Addis Ababa, Ethiopia: Ethiopian Airlines’ CEO says the pilots who flew the plane that crashed on March 10 had trained on “all appropriate simulators,” rejecting reports that they had not been properly prepared to handle the new aircraft.
Tewolde Gebremariam said in a statement Monday that the airline owns simulators to help pilots train on the Boeing 737 Max, which has software installed that requires new training. The software can pitch the plane’s nose down in some cases to keep it from stalling.
There is speculation that the software could have contributed to the crash, as well as that of another Boeing 737 Max, a Lion Air flight in October.
Gebremariam said: “Contrary to some media reports, our pilots who fly the new model were trained on all appropriate simulators.
Below is the press release:
Ethiopian Airlines is The New Spirit of Africa
It has been more than two weeks since the tragic crash of Ethiopian Airlines flight 302. The heartbreak for the families of the passengers and crew who perished will be lasting. This has forever changed their lives, and we at Ethiopian Airlines will feel the pain forever. I pray that we all continue to find strength in the weeks and months ahead.
The people of Ethiopia feel this very deeply, too. As a state-owned airline and the flagship carrier for our nation, we carry the torch for the Ethiopian brand around the world. In a nation that sometimes is saddled with negative stereotypes, accidents like this affect our sense of pride.
Yet this tragedy won’t define us. We pledge to work with Boeing and our colleagues in all the airlines to make air travel even safer.
As the largest aviation group on the continent of Africa, we represent The New Spirit of Africa and will continue to move forward. We are rated as a 4-star global airline with a high safety record and member of Star Alliance. That will not change.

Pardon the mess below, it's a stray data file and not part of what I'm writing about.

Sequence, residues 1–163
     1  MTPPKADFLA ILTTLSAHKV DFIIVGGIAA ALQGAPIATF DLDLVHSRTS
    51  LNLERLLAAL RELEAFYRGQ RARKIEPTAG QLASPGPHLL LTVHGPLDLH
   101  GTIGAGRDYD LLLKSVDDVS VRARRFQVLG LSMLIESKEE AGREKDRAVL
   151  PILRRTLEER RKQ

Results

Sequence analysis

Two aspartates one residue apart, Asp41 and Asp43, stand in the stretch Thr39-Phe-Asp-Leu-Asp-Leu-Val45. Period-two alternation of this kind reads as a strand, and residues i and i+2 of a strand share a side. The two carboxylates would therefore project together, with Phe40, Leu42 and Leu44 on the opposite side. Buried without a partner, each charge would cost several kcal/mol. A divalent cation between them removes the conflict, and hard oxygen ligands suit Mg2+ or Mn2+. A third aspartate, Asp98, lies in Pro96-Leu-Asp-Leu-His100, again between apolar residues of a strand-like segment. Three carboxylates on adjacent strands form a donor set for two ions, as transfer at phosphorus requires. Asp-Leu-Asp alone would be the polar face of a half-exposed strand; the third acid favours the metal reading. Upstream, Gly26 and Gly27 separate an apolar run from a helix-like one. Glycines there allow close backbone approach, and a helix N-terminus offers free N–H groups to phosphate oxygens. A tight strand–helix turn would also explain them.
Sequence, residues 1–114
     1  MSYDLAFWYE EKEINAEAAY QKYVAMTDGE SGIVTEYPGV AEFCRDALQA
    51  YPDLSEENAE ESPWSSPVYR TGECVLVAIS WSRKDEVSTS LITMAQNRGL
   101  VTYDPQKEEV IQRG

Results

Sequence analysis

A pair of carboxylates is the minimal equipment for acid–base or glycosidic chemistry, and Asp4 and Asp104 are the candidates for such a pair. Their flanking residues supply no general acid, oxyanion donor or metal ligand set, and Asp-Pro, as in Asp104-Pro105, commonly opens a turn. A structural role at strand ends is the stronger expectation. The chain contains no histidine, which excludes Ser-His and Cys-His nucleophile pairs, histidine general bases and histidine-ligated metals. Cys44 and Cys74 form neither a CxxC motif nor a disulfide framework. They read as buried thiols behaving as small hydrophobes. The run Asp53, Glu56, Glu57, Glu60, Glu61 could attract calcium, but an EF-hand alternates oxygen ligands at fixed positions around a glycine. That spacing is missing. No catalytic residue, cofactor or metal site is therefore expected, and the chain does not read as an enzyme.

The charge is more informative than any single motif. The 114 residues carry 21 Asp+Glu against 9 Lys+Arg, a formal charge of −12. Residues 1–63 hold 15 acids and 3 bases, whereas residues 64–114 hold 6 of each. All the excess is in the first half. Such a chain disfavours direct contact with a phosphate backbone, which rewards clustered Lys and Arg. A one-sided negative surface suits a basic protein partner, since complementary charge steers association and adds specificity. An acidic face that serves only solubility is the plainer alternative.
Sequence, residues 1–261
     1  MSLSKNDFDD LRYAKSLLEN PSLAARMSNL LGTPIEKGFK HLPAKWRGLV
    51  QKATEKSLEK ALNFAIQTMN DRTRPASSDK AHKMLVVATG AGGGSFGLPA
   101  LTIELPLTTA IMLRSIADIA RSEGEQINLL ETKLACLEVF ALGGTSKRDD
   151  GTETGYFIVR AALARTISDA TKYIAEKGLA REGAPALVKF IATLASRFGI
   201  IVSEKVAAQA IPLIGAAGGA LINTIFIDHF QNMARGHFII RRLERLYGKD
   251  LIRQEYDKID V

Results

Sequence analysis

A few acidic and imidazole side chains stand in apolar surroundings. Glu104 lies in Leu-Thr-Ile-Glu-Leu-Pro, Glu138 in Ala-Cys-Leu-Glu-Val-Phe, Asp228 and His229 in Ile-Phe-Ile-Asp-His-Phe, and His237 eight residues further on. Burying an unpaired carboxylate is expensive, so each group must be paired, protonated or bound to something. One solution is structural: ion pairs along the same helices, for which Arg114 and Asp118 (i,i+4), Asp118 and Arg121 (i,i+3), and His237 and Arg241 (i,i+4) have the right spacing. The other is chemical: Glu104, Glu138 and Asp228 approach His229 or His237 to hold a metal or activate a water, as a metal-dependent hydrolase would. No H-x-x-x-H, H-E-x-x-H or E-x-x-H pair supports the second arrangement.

The investigation of the accident is well underway, and we will learn the truth. At this time, I do not want to speculate as to the cause. Many questions on the B-737 MAX airplane remain without answers, and I pledge full and transparent cooperation to discover what went wrong.
As it is well known in our global aviation industry, the differences training between the B-737 NG and the B-737 MAX recommended by Boeing and approved by the U.S. Federal Aviation Administration called for computer-based training, but we went beyond that. After the Lion Air accident in October, our pilots who fly the Boeing 737 Max 8 were fully trained on the service bulletin issued by Boeing and the Emergency Airworthiness Directive issued by the USA FAA. Among the seven Full Flight Simulators that we own and operate, two of them are for B-737 NG and the B-837 MAX. We are the only airline in Africa among the very few in the world with the B-737 MAX full flight Simulator. Contrary to some media reports, our pilots who fly the new model were trained on all appropriate simulators.
The crews were well trained on this aircraft.